Love thy neighbour
There have always been politics in Martial Arts, people saying that one Karate association is better than another, or that this Jiu Jitsu discipline is more effective than that and so on and so forth, but non more so (it appears), than in Wing Chun, with students always wanting to show that their lineage is the true line and that others are weak etcetera, and this has always surprised me.
Please do note that I said students, wanting to prove, because rarely would a teacher be saying this kind of thing, a teacher of worth at least.
Now I am sure that that, comment alone, will be turning a few heads and making some Instructors cross, I simply mean that to those who are more experienced (and grown up), tend not to go around wanting to meet after school, behind the bike sheds, to see who is the toughest.
Look at the VTAA in Hong Kong for example, the home of Ip Mans’ class, a venue which was bought, by his students collectively, back in 1968, so that they would have somewhere to train, and he, somewhere to teach.
A venue which is still shared by these different lineages to this day.
Oh and if you’re wondering:
“How are they different lineages if they were all taught in the same room by the same person?”
The reason for this is that each Master has their own take on the system, their own way of passing things across to their students, added to this the idea that 50% of your training is given by your Sifu, and the other 50% by you yourself, therefore this is why we often see slight differences from those who were still trained at the same school.
To suppress these expected differences, only stifles the students full potential.
When I was first invited to go to Hong Kong by my Sifu (Grandmaster Ip Chun), back in 1989, I had no idea that such masters would be in the same room and at the same time, and even more to my surprise was that when I did first enter this mecca of learning, they were all playing cards together!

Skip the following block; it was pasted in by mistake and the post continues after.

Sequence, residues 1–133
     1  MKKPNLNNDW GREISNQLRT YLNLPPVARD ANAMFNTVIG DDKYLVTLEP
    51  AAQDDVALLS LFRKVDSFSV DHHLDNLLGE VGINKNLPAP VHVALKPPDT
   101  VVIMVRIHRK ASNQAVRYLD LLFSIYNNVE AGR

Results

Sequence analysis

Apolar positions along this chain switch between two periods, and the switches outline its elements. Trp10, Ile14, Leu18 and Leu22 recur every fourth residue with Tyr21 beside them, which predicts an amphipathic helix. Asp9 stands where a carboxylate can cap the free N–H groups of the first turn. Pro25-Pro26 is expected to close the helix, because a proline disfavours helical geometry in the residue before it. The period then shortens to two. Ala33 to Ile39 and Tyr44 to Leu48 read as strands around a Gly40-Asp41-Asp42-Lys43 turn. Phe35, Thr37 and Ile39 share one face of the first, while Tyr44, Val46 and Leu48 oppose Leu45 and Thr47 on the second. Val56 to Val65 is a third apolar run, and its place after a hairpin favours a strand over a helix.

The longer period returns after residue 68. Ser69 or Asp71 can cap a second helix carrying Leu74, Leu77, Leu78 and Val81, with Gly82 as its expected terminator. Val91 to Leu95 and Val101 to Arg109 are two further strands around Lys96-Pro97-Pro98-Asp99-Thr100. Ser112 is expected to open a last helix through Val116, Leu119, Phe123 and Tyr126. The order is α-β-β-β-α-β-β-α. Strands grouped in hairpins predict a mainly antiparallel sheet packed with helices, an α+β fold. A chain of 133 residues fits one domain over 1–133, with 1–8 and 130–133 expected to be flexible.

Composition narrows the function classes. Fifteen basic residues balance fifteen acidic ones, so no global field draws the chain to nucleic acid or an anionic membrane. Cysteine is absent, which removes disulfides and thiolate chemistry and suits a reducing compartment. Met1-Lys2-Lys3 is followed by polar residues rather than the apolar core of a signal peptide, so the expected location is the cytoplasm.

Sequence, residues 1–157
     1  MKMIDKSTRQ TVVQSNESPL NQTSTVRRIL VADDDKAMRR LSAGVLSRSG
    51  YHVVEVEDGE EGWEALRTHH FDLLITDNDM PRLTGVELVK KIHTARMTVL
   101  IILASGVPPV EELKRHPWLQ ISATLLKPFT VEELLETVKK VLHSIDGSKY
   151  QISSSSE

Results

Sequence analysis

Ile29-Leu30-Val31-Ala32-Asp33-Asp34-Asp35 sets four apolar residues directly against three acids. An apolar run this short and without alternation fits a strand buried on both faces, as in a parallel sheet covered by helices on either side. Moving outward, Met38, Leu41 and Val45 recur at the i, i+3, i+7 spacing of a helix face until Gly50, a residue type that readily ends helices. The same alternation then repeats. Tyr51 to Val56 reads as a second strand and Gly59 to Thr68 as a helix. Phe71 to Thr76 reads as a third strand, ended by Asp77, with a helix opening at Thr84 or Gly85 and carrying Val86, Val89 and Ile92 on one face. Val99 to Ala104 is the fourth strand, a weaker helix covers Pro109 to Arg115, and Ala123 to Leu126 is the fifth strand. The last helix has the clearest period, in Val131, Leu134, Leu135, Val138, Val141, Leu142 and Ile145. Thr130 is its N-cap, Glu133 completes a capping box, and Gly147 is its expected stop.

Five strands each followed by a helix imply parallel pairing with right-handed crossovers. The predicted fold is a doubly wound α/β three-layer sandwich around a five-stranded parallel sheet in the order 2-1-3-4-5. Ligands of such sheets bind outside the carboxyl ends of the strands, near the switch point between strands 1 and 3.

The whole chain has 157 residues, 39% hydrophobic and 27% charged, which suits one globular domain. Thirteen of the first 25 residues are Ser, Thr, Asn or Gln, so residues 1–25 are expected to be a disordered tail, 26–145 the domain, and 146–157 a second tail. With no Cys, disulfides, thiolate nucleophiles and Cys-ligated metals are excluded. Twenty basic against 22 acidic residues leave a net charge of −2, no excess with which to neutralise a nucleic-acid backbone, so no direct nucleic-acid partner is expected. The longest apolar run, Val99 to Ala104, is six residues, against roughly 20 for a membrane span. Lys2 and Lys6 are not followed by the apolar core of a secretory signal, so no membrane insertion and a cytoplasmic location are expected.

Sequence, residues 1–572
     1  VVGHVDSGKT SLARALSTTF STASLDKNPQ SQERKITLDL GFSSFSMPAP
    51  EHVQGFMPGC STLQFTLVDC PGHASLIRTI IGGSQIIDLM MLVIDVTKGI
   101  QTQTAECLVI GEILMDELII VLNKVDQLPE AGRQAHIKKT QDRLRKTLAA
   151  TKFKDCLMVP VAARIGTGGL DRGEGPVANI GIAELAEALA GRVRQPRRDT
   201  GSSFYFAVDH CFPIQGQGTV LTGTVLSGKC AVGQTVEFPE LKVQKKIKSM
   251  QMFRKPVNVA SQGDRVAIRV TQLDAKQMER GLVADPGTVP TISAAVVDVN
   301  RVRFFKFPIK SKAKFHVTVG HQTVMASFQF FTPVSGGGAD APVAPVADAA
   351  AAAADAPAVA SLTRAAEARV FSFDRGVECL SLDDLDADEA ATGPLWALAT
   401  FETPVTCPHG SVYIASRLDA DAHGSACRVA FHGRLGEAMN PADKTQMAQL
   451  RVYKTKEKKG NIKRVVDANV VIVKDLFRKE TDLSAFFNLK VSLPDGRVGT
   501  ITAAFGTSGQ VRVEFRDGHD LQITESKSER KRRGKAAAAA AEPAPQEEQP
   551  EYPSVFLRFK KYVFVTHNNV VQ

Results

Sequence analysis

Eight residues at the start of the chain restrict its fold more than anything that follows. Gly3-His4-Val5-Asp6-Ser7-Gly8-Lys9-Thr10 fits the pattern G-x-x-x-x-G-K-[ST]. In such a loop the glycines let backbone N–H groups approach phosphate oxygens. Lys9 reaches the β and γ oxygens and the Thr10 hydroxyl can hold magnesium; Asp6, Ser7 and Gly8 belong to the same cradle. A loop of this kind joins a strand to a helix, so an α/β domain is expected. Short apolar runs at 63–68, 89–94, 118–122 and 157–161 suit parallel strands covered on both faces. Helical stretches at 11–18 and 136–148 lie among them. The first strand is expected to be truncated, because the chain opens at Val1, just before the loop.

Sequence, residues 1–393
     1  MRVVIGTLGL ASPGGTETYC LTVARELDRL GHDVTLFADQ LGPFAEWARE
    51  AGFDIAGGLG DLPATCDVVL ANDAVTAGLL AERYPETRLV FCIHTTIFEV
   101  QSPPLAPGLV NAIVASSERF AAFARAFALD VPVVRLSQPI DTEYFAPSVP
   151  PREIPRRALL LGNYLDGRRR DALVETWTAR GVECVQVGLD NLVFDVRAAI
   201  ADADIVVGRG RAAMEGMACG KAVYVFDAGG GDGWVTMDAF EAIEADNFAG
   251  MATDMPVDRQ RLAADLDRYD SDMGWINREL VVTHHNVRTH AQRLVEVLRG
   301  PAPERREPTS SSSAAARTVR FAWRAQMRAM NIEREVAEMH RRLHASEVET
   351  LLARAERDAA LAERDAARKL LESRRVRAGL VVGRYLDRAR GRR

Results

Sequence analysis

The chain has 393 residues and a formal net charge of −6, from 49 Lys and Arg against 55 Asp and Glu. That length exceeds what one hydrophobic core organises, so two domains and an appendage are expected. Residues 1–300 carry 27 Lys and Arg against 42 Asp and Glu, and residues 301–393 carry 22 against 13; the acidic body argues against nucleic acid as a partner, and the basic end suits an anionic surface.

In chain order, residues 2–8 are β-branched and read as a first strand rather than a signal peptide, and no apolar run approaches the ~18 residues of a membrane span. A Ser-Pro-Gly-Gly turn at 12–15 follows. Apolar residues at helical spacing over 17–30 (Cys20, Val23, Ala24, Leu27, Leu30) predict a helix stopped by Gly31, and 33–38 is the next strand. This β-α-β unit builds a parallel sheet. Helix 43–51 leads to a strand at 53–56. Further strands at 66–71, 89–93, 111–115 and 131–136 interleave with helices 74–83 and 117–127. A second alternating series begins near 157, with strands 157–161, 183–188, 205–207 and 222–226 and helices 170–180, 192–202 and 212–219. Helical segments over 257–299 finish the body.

On entering the VTAA, my first introduction was to the great man himself, Master Wong Shun Leung who handed me a can of San Miguel and invited me to join in the game!
These great men are who I refer to when I used the phrase, ‘A teacher of worth at least’, with not one of them bickering, but being friends and spending time together.
How many Masters can you spot in this photo?
(Oh, and this is before the VTAA had all its windows)
When I was younger, and much less experienced, not just in Wing Chun but in life in general, there were many things that I have done that I am now embarrassed about and even ashamed, and this is a path I never wish to travel again, a path where aggression takes over too quickly and we let our emotions rule, instead of our heads.
I have discovered that you can achieve so much more by simply, being kind.
Just, be kind, what is wrong with that?
If someone is cross with me then I must first ask myself why, and if I have done an injustice, then put it right.
Getting cross back, with someone who is cross with you, can only end in disaster, so try to be nice, especially Instructors out there, surely this is the best lesson we can teach our students isn’t it, to be tolerant and to use your skills for good.
Don’t get me wrong, you must still train hard, but know what you are training for.
“It is better to be a warrior in a garden,
than a gardener in a war”
(The book of five rings)
This is just a thought I wanted to share and therefore may I wish the very best of luck, health and happiness to each and every one of you.
Thank you for reading.